A senior inspector for the U.S. Customs Service assigned to Baltimore-Washington International Airport has been charged with accepting cash, sex and nude pictures from a convicted drug smuggler in exchange for helping her family through the inspection process. Harry William Holland, 47, of Rosedale appeared yesterday before U.S. Magistrate Judge Daniel E. Klein Jr. He was released pending trial. Customs Service investigators became suspicious of Holland after he asked another officer to give his address at the BWI office to a Nigerian woman who had been arrested and found to have ingested about 1,360 grams of heroin, according to a press release from acting U.S. Attorney Stephen M. Schenning.
NEWS
By NEW YORK TIMES NEWS SERVICE | December 10, 2001
WASHINGTON - Federal agents are planning to fan out across the country this week in an effort to recruit U.S. businesses in the war on terror, urging companies to notify the government of suspicious customers. Robert C. Bonner, commissioner of the Customs Service, said he had developed a list of about 100 items that authorities believe terrorists want to buy in the United States. Starting today, Bonner said, federal agents will visit the manufacturers, emphasize the need for vigilance and encourage them to inform the Customs Service at once if they are approached by anyone trying to buy these items for possibly illegal shipment abroad.
NEWS
By Laurie Willis and Laurie Willis,SUN STAFF | October 20, 2000
PHILADELPHIA - The NAACP's Federal Sector Task Force announced plans yesterday to highlight discriminatory practices it claims occur frequently within the Department of Defense. Task force members also vowed to continue challenging U.S. Customs Service officials on strip searches of blacks, particularly women, as they re-enter the United States. "You'll see the Department of Defense come under vigorous attack," said Leroy W. Warren Jr., task force chairman, at the quarterly meeting here of the 64-member board of directors for the National Association for the Advancement of Colored People.
NEWS
By Cheryl Lu-Lien Tan and Cheryl Lu-Lien Tan,SUN STAFF | October 14, 1998
Jamaican musician Peter Jackson has sued the U.S. Customs Service for $10 million, claiming that inspectors at Baltimore-Washington International Airport singled him out for a strip-search and X-rays for possible drugs in September 1997 because he is black.The suit, filed Friday in U.S. District Court in Baltimore, comes seven months after Jackson, 27 -- a reggae artist who goes by the stage name Galaxy P -- filed a $2 million administrative claim against the agency. His lawyer, Marvin Ellin, said he filed the suit because the Customs Service ignored the administrative claim.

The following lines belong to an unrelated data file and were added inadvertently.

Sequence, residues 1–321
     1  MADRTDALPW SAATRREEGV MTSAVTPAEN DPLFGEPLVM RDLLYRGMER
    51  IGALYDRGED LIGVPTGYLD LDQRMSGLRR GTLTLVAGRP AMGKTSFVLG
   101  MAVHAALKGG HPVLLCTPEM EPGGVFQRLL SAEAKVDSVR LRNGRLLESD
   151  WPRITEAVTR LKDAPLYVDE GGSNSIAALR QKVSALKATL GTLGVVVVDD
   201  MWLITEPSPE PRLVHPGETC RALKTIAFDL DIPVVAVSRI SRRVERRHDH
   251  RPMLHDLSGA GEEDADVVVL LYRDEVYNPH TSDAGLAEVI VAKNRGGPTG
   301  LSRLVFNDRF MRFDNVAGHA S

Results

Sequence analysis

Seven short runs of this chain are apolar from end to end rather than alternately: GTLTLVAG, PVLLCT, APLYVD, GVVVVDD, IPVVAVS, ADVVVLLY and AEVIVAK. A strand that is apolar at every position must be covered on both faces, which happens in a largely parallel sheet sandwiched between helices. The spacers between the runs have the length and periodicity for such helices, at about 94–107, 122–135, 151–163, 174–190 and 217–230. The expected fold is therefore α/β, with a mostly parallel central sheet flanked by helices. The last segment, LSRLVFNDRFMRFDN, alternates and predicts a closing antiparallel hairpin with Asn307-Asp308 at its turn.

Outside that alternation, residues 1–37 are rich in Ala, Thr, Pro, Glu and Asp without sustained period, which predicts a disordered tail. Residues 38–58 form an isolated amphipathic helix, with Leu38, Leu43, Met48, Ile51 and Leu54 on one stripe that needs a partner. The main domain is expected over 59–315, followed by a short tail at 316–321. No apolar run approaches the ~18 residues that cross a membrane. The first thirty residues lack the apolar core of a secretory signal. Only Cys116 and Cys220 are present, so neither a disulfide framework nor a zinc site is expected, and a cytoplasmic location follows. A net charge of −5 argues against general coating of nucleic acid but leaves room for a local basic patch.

NEWS
By Jacques Kelly, The Baltimore Sun | September 21, 2013
Dorothy L. Ruyak, a retired Goucher College counselor and former co-president of the Baltimore County League of Women Voters, died of complications from Parkinson's disease Aug. 21 at Oak Crest Village. The Parkville resident was 82. Born in Bethlehem, Pa., and known as Dottie, she was the daughter of Paul C. Ruyak, a steelworker, and Elizabeth Rose Timko, a homemaker. She was a 1950 graduate of Bethlehem High School and earned a Bachelor of Science degree from Moravian College for Women and a master's degree in education from Penn State University.
NEWS
May 3, 2013
I cannot believe that our mayor or any other city or state officials would even consider allotting up to $25 million for renovations at Lexington Market ("Lexington's update," April 7). As a retired merchant with 30 years' experience at Lexington Market, I suggest management give more thought to painting and to hiring a good Realtor to bring in gourmet cheese shops and a French bakery. The market should also offer incentives and stop the beer and liquor drinking among customers shopping in the market.
NEWS
By Leonard Pitts Jr | March 29, 2013
Dear Whomever is in Charge of Customer Service for DirecTV: All I wanted was to watch the game. I was back in my hotel room after a long day, and I figured, what better way to unwind? Now, the game wasn't available on the hotel channels, but I've got that League Pass service you offer and one of its perks -- supposedly -- is that you can watch the game right on the ol' iPad. So I got out the ol' iPad and I fired up the app and I retrieved the password and I tried to sign in and nothing happened, so I called you guys and the robot lady answered and told me to OPRIMA NUMERO DOS if I wanted to conduct my business in Spanish, which I didn't, so I didn't and I said yes when the robot lady asked if I was a subscriber and I gave her my phone number when she asked for it and then she asked me to tell her what I wanted, and I tried to explain twice but she didn't get it, so I told her I had a question about League Pass and she gave me this long spiel about how I could buy League Pass, which I didn't need to do, since I already had it, so I asked the robot lady to connect me with technical support and she said she would and that's about when she hung up on me, so I called again and I went through the whole thing again and this time I got to a human being who listened to my problem and what I had done to solve it, expressed remorse, then told me to do the same things I had done, which had not worked the first time, and when I did and it didn't work again, this person...